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Recording and Inventorying Works of Art in an Art Database

Inventory

Inventorying artworks involves the systematic gathering and recording of information about each artwork in a collection. This typically includes details such as the artist's name, title, year of creation, dimensions, materials, condition, provenance, value and location. The information is often stored in a database or inventory management system to ensure easy management and searching of the collection.

The Advantages of Recording Works of Art in a Database are, for example

 

1. Organization: A database allows a complete overview and categorization of artworks according to various criteria such as artist, genre, period, etc.

2. Accessibility: A database makes it easier to find and access artworks, both for researchers, curators and the public.

3. Documentation: A database enables comprehensive documentation of artworks, including images, descriptions, archival records and provenance.

4. Research: Researchers can access an extensive collection of artworks to analyze trends, make comparisons and gain new insights.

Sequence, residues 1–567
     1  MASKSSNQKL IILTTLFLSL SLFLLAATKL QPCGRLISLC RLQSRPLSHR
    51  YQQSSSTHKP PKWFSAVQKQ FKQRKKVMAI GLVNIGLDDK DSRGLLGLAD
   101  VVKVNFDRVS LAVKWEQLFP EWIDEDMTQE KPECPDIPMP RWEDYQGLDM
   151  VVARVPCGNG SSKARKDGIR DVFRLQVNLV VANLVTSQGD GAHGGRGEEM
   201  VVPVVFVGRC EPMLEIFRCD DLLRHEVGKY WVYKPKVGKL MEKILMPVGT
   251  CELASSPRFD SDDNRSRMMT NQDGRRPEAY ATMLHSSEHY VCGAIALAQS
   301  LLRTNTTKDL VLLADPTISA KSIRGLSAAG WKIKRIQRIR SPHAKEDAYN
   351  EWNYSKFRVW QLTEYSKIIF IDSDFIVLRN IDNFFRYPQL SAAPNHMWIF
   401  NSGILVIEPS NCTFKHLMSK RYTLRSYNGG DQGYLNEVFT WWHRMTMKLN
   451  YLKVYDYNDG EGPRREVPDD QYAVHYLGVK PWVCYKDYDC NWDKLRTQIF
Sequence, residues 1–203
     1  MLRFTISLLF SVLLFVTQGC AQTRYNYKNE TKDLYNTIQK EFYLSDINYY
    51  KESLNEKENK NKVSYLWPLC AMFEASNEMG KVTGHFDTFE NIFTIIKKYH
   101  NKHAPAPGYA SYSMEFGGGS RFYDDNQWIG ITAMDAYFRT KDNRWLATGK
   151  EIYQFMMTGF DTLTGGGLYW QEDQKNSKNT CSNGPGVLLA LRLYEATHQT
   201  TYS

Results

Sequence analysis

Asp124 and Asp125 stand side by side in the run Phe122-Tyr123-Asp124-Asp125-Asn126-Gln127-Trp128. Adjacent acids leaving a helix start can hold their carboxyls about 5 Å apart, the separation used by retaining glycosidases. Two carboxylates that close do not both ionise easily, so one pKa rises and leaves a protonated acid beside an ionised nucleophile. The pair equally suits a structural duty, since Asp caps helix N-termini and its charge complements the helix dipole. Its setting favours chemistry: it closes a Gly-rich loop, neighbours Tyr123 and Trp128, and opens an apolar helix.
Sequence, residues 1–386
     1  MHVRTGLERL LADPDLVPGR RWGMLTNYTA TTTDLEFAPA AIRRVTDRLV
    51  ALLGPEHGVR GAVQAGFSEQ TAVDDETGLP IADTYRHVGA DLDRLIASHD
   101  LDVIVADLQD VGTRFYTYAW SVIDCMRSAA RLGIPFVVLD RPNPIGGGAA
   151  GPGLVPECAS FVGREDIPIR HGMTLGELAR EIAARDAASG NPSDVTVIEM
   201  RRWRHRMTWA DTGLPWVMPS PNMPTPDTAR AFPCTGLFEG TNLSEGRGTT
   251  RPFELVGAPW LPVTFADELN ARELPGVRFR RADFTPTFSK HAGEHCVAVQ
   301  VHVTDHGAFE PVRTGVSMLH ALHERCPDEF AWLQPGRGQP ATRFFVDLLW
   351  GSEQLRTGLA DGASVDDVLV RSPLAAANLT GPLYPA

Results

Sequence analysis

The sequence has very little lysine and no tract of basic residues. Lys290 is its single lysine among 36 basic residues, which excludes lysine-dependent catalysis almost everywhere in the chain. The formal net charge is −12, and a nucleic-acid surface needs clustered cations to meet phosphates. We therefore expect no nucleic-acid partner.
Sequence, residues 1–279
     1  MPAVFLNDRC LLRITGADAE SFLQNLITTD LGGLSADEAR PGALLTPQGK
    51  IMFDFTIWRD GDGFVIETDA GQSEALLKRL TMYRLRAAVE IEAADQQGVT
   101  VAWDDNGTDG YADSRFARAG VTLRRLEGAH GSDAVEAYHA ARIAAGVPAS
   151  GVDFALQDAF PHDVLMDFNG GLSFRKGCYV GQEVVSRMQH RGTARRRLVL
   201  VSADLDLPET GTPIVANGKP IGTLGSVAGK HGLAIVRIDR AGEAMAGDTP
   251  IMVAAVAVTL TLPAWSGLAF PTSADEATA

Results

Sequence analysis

5. Security: A database provides a secure way of storing and archiving information about artworks to ensure their preservation and protection.

6. Management: Museums, galleries and collectors can efficiently manage their holdings by using a database to track the location, condition and other important information.

My Approach: Inventorying Works of Art

 

To enter a work of art into a database, I first take a close look at the front and, based on my experience, can ideally assign the work to an artist or an era. A signature can confirm this assumption if necessary. The initial entry includes the name of the artist with the dates of life, the title, a brief description of the object, the year of creation, the signature, the dimensions, information on the material and technique, images of the front and a brief description of the condition. Many fields in the database are pull-down fields that can be customized for the respective collection. This enables efficient recording. 

 

Inventorying also includes checking the reverse side, as there may be inscriptions or labels from exhibitions or sales that can provide information about the artwork and its provenance. In addition to the aforementioned images of the front and back, photos of the object with frames and detailed photos can also be linked in the database.

The art database I use is a platform from Ninox that offers customized applications for the digital recording and archiving of collections. Ninox is available online and offline at any time, runs on all devices and can be used in the cloud. Once the entries have been completed, the database is transferred to the collector by an IT specialist.

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